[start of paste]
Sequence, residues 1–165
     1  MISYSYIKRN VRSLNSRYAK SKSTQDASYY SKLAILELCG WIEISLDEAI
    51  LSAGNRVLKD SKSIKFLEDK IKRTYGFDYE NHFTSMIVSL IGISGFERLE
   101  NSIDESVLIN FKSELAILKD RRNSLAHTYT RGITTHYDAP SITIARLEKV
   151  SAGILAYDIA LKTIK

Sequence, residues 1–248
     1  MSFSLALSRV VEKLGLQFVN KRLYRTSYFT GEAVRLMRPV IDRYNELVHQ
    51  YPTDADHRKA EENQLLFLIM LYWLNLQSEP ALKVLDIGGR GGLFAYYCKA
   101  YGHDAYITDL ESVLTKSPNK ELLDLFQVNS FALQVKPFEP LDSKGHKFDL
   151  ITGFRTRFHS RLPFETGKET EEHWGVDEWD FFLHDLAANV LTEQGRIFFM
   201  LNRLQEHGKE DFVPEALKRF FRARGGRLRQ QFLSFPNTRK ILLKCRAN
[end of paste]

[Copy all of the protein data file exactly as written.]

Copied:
Sequence, residues 1–165
     1  MISYSYIKRN VRSLNSRYAK SKSTQDASYY SKLAILELCG WIEISLDEAI
    51  LSAGNRVLKD SKSIKFLEDK IKRTYGFDYE NHFTSMIVSL IGISGFERLE
   101  NSIDESVLIN FKSELAILKD RRNSLAHTYT RGITTHYDAP SITIARLEKV
   151  SAGILAYDIA LKTIK

Sequence, residues 1–248
     1  MSFSLALSRV VEKLGLQFVN KRLYRTSYFT GEAVRLMRPV IDRYNELVHQ
    51  YPTDADHRKA EENQLLFLIM LYWLNLQSEP ALKVLDIGGR GGLFAYYCKA
   101  YGHDAYITDL ESVLTKSPNK ELLDLFQVNS FALQVKPFEP LDSKGHKFDL
   151  ITGFRTRFHS RLPFETGKET EEHWGVDEWD FFLHDLAANV LTEQGRIFFM
   201  LNRLQEHGKE DFVPEALKRF FRARGGRLRQ QFLSFPNTRK ILLKCRAN